I may be the only reporter to take pictures of raw loudspeaker drivers at this year's CES. But I've always been fascinated not only by the products we buy, but by the parts that go into them. And SEAS of Norway is one the biggest suppliers of high quality loudspeaker drivers. These new DXT tweeters offer controlled wide dispersion. Note the rings molded into the front plates of both versions. These rings produce diffraction, thereby widening the radiation pattern above 7kHz—the first time to my knowledge that this audiophile boogie-man has been deliberately generated to <I>enhance</I> speaker performance!
PMC also showed these new in- and on-wall speakers. The Wafer 1 sells for $1199 each (on-wall version) and the Wafer 2 for $1799 (on-wall). The demo was a bit atypical of how the environment of the speakers in an actual installation, but they still sounded quite good. The speakers are actually loaded into transmission lines, despite their small size.
The Venetian, the new home of the Specialty Audio and Video exhibits, was primarily a two-channel oasis. Here (and below) are two highlights. I didn't get into many of the rooms; if I peeked in and there didn't seem to be screen there, I had to move on, as time was very short and the two-channel exhibits there are being thoroughly covered by our sister publication, <I>Stereophile</I>. But I did check out a few rooms that prior experience suggested might be prime. The VTL-Avalon room was one of them. The system sounded pristine through VTL's vacuum tube electronics and Avalon Acoustics Eidolon Diamond speakers.
TACT, one of the first companies to offer sophisticated room correction, now adds Dynamic Room Correction. It adjusts the equalization to provide optimum response as you change the setting of the volume control. Older audiophiles might think of it as a sophisticated loudness control. The system will be built into the company's two-channel RCS 2.2 XP processor first, but will ultimately find its way into a redesigned surround pre-pro (now on hold pending the arrival of HDMI 1.3). TACT has also improved its user interface, making it faster to arrive at an optimum target curve.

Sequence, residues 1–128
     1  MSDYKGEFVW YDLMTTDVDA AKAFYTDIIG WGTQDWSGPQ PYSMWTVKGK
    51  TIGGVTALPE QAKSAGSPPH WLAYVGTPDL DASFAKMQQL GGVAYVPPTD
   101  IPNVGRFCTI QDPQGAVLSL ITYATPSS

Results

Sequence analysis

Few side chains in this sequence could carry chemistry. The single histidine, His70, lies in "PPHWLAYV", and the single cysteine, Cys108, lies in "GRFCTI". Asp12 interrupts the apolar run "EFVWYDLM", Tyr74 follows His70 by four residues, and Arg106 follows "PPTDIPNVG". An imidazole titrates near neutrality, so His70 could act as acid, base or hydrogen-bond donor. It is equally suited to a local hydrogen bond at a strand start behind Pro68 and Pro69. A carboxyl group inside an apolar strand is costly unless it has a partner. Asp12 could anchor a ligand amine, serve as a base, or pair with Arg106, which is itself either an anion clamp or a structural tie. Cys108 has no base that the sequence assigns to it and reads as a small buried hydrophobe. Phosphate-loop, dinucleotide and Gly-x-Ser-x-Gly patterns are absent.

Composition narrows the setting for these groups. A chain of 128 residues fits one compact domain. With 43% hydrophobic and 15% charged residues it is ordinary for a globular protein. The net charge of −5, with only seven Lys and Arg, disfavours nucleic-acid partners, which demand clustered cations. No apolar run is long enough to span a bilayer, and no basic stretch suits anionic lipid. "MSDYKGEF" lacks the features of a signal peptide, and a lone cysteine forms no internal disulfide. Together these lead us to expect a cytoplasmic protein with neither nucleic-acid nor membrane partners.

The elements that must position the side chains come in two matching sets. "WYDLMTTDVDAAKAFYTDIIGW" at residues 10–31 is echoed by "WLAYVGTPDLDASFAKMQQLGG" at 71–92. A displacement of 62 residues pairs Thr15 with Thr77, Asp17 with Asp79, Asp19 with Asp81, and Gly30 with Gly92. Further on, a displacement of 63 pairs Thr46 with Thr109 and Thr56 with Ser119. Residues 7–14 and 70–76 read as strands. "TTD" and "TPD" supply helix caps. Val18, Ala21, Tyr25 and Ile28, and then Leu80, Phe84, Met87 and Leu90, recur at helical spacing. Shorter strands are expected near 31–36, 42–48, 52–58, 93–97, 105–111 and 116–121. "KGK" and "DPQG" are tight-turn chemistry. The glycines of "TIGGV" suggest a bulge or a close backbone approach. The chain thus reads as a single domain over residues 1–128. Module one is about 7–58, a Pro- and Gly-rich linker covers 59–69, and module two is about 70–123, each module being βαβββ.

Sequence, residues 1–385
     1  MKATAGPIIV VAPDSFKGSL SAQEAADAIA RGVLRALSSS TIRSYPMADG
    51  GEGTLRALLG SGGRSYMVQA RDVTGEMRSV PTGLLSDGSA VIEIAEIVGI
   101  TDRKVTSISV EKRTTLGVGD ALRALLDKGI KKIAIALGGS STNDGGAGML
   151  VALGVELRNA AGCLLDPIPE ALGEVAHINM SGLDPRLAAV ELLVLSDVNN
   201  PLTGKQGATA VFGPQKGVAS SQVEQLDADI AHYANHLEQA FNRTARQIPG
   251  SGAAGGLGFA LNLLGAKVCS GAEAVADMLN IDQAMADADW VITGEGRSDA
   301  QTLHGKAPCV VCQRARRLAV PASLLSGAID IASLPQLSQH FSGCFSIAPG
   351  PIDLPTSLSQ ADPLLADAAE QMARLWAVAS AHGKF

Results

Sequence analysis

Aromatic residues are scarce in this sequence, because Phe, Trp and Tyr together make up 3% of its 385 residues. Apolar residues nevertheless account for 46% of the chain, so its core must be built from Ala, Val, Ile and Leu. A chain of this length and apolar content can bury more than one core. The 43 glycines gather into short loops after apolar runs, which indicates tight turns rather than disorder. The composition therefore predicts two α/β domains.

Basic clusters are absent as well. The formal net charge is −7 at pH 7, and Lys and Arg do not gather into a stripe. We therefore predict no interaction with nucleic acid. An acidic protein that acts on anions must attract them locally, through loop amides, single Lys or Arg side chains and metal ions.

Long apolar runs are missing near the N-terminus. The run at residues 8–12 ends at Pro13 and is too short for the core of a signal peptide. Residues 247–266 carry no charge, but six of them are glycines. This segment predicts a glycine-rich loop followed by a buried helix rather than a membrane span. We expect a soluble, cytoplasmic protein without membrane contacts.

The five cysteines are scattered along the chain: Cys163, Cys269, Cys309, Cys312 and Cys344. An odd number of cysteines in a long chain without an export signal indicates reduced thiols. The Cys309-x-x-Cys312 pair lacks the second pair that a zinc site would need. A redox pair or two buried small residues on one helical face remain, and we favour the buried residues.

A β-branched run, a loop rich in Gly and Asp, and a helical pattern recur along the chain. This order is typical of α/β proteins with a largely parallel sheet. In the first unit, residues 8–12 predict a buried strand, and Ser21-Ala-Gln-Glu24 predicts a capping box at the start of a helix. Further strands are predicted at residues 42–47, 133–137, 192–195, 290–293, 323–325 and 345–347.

The 2007 line of Sherwood Newcastle AV receivers tops out with the R-972 ($1499.95, summer). Offering 100Wx7 into 8 ohms, it also will accept all of the new audio formats directly through its HDMI 1.3 link and decode them internally (rather than relying on the player to first convert them to PCM). Internal Faroudja processing will deinterlace and/or scale all sources to 720p, 1080i, and 1080p, as directed. The unit also includes Audyssey MultEQ XT EQ.
There weren't a lot of video projector demonstrations on the show floor at the convention center (booth prices are reportedly up significantly this year, and projector demos appear to gravitate increasingly to the custom install CEDIA EXPO in September). But one of the best demos was put on by Optoma. The projector was the HD81 LV (about $10,000, available late spring). A special version of the current HD81 1920x1080 projector, the new model is similar to the old, but uses a more powerful lamp, a different color wheel, and a different iris. It may also be equipped with an optional anamorphic lens ($12,999 for the HD81 LV projector with lens, $4000 for the lens if bought separately). The lens may also be used with the basic HD81. The HD image from <I>Phantom of the Opera</I>, from Blu-ray, with the anamorphic lens in the system, was stunning.